Secondly, the tasting is very special. When the weather is nice, tastings are held outside when possible. The tasting includes yummy local cheeses, crackers, and some jams made from fruit grown on the property.

Thirdly, and most importantly, the wines are WONDERFUL!!!

As we arrived for our tasting, we drove alongside beautiful vineyards of dormant vines surrounded by the beautiful mustard know in the region at this time of the year. The historic Red Barn, which was originally built as the Adamson Winery back in 1884, welcomes the winery visitors on the drive in. Today, this “ghost winery” not only inspires their wine tasting guests, but also Frog’s Leap’s winemakers John Williams and Paula Moschetti.

John Williams (a former diary farmer from upstate New York, NOT the music composer famous for film scores with the same name!) moved to Northern California in 1975 to study Enology and Viticulture at UC Davis. After working at Glenora Wine Cellars in the Finger Lakes region of New York, and Stag’s Leap Wine Cellars and Spring Mountain Vineyard in Napa, he started Frog’s Leap Winery in 1981. It is located along Mill Creek in a spot known as the Frog Farm. Frogs were raised here around the turn of the century, providing the very appropriate name!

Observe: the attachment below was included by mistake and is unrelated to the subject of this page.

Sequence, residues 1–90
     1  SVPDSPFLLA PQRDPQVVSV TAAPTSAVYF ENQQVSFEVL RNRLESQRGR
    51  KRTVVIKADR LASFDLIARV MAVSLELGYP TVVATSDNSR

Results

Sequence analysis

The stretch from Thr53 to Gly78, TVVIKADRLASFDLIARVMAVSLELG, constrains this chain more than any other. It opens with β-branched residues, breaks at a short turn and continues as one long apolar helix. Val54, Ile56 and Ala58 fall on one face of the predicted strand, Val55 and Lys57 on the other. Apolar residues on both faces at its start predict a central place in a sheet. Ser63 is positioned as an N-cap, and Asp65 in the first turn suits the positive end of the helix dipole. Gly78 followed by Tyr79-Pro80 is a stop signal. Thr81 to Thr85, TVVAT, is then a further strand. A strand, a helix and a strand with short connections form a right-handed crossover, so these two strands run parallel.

Here are some of the wines we tasted on the lovely wrap-around porch of The Vineyard House overlooking the vineyards:

2014 Napa Valley Chardonnay – A lovely Chardonnay with great acidity, the green apple and Meyer lemon flavors are balanced beautifully with the floral aromas and the toasty element from eight months of sur lie aging.

2013 Napa Valley Zinfandel – One of my favorite wines of the tasting, this Zinfandel is what a Zinfandel is SUPPOSED TO BE! It has a beautiful transparent color, not one of those deep purple colors that shouldn’t represent Zin at all! A field blend of 77% Zinfandel, 22% Petite Sirah and 1% Carignan, the aromas and flavors include brambly fruit, licorice, some Southern Rhone type garrigue and has a nice long finish.

2013 Rutherford Merlot – One of my favorite Merlots of the New World, Frog’s Leap always knows how to do this varietal right. With ripe plum and cherry flavors, this wine has soft tannins and isn’t too big! It’s what a Merlot should be; elegant and nicely balanced. (82% Merlot, 17% Cabernet Sauvignon, 1% Cabernet Franc)